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After all that can be thought on these subjects, I must confess that the men who dress with a certain ambition to appear more than they are, are much more excusable than those whobetray, in the adorning their persons, a secret vanity and inclination to shine in things, wherein, if they did succeed, it would rather lessen than advance their character. For this reason I am more provoked at the allegations relating to the clergyman than any other hinted at in these complaints. I have indeed a long time, with much concern, observed abundance of pretty fellows in sacred orders, and shall in due time lei them know, that I pretend to give ecclesiastical as well as civil censures. A man well-bred and welldressed in that habit, adds to the sacredness of his function an agreeableness not to be met with among the laity. I own I have spent some evenings among the men of wit of that profession with an inexpressible delight. Their habitual care of their character gives such a chastisement to their fancy, that all which they utter in company is as much above what you meet with in other conversation, as the charms of a modest, are superior to those of a light, woman. I therefore earnestly desire our young missionaries from the universities to consider where they are, and not dress, and look, and move,

like It is no disadvantage to have a very handsome white hand: but, were I to preach repentance to a gallery of ladies, I would, methinks, keep my gloves on. I have an unfeigned affection to the class of mankind appointed to serve at the altar, therefore am in danger of running out of my way, and growing too serious on this occasion; for which reason I shall end with the following epistle, which, by my interest in Tom Trot, the penny-post, I procured a copy of.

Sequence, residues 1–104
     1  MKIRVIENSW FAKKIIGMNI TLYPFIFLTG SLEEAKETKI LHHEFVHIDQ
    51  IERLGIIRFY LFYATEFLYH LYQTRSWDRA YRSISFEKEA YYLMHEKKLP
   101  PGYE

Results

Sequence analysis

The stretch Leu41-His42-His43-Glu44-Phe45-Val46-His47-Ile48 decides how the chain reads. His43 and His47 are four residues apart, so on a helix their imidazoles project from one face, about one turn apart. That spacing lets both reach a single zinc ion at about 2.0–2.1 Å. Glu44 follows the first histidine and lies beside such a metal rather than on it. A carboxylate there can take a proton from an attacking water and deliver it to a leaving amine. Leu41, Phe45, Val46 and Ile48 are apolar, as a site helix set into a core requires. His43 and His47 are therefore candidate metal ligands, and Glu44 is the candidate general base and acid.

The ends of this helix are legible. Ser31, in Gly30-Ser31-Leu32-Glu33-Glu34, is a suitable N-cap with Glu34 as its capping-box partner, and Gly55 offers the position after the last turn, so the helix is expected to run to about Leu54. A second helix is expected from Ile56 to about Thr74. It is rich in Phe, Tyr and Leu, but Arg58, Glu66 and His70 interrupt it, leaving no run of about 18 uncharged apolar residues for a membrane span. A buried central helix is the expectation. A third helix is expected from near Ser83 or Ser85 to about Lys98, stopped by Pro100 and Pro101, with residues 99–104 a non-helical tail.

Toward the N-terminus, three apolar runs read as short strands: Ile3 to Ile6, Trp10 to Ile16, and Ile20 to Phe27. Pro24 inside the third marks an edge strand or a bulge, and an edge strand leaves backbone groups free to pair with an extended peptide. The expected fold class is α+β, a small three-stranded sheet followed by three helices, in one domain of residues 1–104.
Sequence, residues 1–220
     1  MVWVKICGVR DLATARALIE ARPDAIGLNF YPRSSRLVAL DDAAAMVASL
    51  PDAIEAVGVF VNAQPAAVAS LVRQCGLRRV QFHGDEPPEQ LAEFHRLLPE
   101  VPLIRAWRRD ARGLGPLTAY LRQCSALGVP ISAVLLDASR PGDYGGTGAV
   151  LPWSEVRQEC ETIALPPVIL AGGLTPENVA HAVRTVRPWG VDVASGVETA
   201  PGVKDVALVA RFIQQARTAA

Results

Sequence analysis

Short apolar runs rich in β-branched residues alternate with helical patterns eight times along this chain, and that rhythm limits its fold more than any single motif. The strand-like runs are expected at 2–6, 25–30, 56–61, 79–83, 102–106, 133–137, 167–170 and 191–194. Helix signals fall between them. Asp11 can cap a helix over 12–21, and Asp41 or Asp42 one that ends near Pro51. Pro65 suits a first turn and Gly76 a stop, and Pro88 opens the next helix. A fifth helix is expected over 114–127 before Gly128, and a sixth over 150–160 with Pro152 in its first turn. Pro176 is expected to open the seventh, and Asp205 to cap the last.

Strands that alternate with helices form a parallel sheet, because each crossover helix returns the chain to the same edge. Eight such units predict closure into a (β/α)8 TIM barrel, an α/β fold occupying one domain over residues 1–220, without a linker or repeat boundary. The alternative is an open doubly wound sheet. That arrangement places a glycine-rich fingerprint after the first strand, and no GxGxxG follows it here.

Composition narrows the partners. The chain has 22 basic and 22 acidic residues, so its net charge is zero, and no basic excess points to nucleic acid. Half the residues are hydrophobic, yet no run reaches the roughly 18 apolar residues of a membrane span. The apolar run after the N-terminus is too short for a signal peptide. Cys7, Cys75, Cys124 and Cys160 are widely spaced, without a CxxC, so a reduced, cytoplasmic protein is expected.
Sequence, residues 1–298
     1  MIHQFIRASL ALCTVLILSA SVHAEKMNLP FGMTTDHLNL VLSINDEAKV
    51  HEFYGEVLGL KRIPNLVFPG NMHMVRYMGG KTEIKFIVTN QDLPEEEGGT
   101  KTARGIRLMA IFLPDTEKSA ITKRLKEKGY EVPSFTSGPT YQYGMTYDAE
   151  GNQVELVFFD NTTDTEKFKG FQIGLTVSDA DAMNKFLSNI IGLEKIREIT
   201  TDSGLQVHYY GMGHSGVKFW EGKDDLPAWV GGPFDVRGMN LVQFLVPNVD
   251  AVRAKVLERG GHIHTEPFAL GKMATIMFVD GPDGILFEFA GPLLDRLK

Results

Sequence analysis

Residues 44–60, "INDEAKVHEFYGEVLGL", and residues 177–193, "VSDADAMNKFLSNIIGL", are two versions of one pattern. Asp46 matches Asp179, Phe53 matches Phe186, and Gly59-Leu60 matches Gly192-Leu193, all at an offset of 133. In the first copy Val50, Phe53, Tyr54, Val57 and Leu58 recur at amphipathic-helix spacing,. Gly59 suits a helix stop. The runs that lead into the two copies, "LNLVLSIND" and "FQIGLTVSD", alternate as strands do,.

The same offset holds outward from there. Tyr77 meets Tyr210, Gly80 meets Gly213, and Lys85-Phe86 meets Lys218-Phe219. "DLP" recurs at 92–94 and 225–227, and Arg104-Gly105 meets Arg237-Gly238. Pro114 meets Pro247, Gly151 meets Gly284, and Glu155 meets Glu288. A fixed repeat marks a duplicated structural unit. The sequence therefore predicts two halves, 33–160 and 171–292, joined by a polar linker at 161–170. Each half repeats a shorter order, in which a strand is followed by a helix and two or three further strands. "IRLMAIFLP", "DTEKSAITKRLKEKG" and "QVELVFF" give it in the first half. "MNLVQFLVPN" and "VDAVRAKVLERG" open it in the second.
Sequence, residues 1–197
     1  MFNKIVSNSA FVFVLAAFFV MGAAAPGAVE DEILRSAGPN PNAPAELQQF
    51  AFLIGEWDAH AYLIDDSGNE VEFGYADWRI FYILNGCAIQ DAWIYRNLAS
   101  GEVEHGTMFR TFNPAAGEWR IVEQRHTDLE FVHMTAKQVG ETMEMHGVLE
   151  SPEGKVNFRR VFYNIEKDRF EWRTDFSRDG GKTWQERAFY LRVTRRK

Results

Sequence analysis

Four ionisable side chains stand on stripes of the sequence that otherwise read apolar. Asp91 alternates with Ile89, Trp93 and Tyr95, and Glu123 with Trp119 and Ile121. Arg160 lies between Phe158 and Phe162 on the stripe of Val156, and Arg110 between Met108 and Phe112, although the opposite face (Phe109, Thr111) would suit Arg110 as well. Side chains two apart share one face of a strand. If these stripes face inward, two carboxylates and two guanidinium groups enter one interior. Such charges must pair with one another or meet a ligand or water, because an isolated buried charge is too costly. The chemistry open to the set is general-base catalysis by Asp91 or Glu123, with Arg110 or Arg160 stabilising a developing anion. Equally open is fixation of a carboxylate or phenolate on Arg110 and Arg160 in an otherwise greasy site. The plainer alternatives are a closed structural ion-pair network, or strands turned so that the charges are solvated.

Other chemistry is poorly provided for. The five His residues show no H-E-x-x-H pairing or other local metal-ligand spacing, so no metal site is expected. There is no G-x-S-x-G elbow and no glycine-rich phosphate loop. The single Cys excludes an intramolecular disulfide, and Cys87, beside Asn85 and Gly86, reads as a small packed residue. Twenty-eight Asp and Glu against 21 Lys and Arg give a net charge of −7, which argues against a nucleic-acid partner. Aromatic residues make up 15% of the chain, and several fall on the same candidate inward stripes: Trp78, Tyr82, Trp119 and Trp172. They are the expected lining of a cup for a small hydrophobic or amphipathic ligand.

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“To the Rev. Mr. RalPH INCENSE, Chaplain to

the Countess Dowager of BRUMPTON.

• SIR, "I heard and saw you preach last Sunday. I am an ignorant young woman, and understood not half you said: but ah! your manner, when you held up both your hands towards our pew! Did

you design to win me to Heaven or yourself?

Your humble servant,

PENITENCE GENTLE.'

ADVERTISEMENT. Mr. Procterstaff, of Clare-hall, in Cambridge, is received as a kinsman, according to his request, bearing date the 20th instant.

The distressed son of Æsculapius is desired to be more particular,

No 271. TUESDAY, JANUARY 2, 1710-11.

The printer having informed me, that there are as many of these Papers printed as will make four rolumes, I am now come to the end of my ambition in this matter, and have nothing farther to say to the world under the character of Isaac Bickerstaff. This work has, indeed, for some time, been disagreeable to me, and the purpose of it wholly lost, by my being so long understood as the author. í never designed in it to give any man any secret wound by my concealment, but spoke in the charaeter of an old man, a philosopher, a humorist, an astrologer, and a Censor, to allure my reader with the variety of my subjects, and insinuate, if I

my

could, the weight of reason with the agreeableness of wit. The general purpose of the whole has been to recommend truth, innocence, honour, and virtue, as the chief ornaments of life; but I considered, that severity of manners was absolutely necessary to him who would censure others, and for that reason, and that only, chose to talk in a mask. I shall not carry my humility so far as to call myself a vicious man, but at the same time must confess life is at best but pardonable. And, with no greater character than this, a man would make but an indifferent progress in attacking prevailing and fashionable vices, : which Mr. Bickerstaff has done with a freedom of spirit, that would have lost both its beauty and efficacy, had it been pretended to by Mr. Steele.